• “The Withered Arm” which is quite good. A spooky, sad witch story that hints at Hardy’s fascination with tragic destiny. I think I’ve mentioned at least twice on this blog how much I love when English authors write about visits to mystic healers. That happens in this story to and it is wonderful, of course. British writers can’t help revealing their secret paganism; and I love it. I won’t tell you anything more about the plot of this one, because I’d rather save it for the next time you and I are hanging out around a campfire.
  • “Fellow Townsmen” which is very much about tragic destiny. Hardy had a lot to say during the 1880s about the silly impulses and motivations that lead people to make unwise marriages and the bitter consequences of those marriages.
  • “Interlopers at the Knapp” has a very different plot, but the exact same theme, only less tragic.
  • “The Distracted Preacher” which we need to talk about in more detail below.

 

“The Distracted Preacher” is my favorite, not for the tale but, for the note Hardy added for a later printing of Wessex Tales. The story concerns a preacher temporarily assigned to a seaside town. Of course, he falls in love with the beautiful widow who provides his lodgings. You would fall in love with her too; she’s badass and adorable. The way Hardy writes about characters falling in love is unmatched so far in English literature, in my opinion. Yes, that includes the Brontë’s and Jane Austen! I do not this not make this statement lightly. At any given moment I am desperately in love with three Thomas Hardy characters.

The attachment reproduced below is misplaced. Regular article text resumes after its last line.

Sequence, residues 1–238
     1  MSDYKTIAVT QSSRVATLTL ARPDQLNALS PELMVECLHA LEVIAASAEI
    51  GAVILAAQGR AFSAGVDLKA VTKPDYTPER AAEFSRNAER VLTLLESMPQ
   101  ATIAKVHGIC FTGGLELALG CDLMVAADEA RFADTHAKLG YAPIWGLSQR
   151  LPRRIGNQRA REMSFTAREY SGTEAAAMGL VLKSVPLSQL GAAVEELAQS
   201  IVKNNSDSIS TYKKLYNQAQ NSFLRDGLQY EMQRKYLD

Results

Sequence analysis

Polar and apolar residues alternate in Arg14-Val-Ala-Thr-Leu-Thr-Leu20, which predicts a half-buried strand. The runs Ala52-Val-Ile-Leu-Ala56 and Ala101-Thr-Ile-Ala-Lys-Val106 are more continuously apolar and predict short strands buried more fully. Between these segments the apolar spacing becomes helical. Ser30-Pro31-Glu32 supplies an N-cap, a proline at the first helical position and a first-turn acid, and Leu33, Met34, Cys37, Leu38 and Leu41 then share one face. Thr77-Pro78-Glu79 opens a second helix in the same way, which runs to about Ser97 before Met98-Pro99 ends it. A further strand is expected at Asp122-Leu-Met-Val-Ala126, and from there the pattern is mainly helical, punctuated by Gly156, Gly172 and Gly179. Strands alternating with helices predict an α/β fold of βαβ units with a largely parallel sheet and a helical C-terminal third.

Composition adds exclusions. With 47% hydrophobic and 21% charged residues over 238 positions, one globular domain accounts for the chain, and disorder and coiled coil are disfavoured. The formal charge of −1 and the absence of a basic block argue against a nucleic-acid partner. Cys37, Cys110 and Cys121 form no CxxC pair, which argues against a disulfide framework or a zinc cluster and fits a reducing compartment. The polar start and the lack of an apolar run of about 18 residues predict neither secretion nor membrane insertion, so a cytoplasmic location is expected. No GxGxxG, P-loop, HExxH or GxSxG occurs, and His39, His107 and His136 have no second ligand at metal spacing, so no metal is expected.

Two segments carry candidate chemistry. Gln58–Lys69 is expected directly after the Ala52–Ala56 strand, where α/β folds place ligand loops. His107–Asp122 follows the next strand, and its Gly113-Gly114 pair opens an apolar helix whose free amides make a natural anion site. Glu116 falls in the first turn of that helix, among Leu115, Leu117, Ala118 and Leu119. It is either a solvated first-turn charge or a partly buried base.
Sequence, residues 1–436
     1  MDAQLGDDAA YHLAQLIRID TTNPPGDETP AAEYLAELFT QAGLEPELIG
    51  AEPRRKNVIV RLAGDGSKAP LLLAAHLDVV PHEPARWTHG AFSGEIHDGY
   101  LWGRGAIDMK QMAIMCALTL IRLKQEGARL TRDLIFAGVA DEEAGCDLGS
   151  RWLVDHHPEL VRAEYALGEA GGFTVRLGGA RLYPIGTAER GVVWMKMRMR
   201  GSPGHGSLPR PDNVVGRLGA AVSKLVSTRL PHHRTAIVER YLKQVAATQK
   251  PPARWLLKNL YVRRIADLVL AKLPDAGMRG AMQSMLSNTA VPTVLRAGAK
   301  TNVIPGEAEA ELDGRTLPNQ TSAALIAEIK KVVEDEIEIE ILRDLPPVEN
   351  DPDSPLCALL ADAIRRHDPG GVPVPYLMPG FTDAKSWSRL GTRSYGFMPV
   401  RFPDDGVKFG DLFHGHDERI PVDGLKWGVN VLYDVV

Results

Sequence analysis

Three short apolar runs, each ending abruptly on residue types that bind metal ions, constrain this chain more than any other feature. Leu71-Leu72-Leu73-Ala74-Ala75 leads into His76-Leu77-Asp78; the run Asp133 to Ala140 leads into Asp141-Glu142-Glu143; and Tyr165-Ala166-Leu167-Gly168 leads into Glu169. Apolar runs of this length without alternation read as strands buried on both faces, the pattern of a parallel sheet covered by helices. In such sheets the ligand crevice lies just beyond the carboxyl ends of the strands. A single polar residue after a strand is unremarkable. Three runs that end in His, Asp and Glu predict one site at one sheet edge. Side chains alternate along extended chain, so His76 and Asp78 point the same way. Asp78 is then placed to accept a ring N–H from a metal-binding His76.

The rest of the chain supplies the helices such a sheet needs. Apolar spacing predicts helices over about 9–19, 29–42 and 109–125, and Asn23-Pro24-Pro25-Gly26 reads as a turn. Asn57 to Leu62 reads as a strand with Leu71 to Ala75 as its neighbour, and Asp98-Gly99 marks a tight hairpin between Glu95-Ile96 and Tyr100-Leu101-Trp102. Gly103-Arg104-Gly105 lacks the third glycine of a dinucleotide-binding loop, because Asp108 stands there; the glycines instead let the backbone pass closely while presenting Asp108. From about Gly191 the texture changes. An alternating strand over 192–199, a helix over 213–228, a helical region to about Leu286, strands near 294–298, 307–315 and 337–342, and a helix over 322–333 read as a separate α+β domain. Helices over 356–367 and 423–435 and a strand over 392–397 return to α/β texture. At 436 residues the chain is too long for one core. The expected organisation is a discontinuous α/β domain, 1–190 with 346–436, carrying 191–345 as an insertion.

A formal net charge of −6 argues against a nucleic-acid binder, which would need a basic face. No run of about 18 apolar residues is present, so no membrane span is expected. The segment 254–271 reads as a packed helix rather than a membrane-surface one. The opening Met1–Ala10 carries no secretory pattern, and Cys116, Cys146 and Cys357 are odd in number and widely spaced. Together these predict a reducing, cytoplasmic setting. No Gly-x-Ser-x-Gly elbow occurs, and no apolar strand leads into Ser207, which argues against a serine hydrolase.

Anyway, it turns out that Lizzy is involved in a smuggling ring, the naughty wench. Predictably, the preacher asks her to desist smuggling liquor for him and for God and for the sake of her poor, dear conscience. She tells him she simply can’t, because she doesn’t know the king and doesn’t care about his coffers, but she does care about keeping herself and her mother fed and comfortable. Also, she simply couldn’t give up smuggling, because “It stirs up one’s dull life at this time o’ the year, and gives excitement, which I have got so used to now that I should hardly know how to do ‘ithout it. At nights, when the wind blows, instead of being dull and stupid, and not noticing whether it do blow or not, your mind is afield, even if you are not afield yourself; and you are wondering how the chaps are getting on; and you walk up and down the room and look out o’ the window, and then you go out yourself and know your way about as well by night as by day, and have hair-breadth escapes from old Latimer and his fellows, who are too stupid ever to really frighten us and only make us a bit nimble.” Yes, Lizzy. Smuggle to your heart’s content. You don’t need this preacher man. Live your wild life. Don’t wed yourself to the judgmental patriarchy. Except of course, she does. Conventional morality must win in the end. This is still the Victorian Era.